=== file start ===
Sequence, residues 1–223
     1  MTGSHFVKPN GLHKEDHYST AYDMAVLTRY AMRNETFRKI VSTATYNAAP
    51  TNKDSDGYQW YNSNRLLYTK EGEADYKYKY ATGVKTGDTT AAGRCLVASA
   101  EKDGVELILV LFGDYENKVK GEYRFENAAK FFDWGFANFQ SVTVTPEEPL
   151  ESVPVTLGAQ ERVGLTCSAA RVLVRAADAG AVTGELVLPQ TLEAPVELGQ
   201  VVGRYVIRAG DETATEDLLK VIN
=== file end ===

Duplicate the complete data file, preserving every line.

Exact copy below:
Sequence, residues 1–223
     1  MTGSHFVKPN GLHKEDHYST AYDMAVLTRY AMRNETFRKI VSTATYNAAP
    51  TNKDSDGYQW YNSNRLLYTK EGEADYKYKY ATGVKTGDTT AAGRCLVASA
   101  EKDGVELILV LFGDYENKVK GEYRFENAAK FFDWGFANFQ SVTVTPEEPL
   151  ESVPVTLGAQ ERVGLTCSAA RVLVRAADAG AVTGELVLPQ TLEAPVELGQ
   201  VVGRYVIRAG DETATEDLLK VIN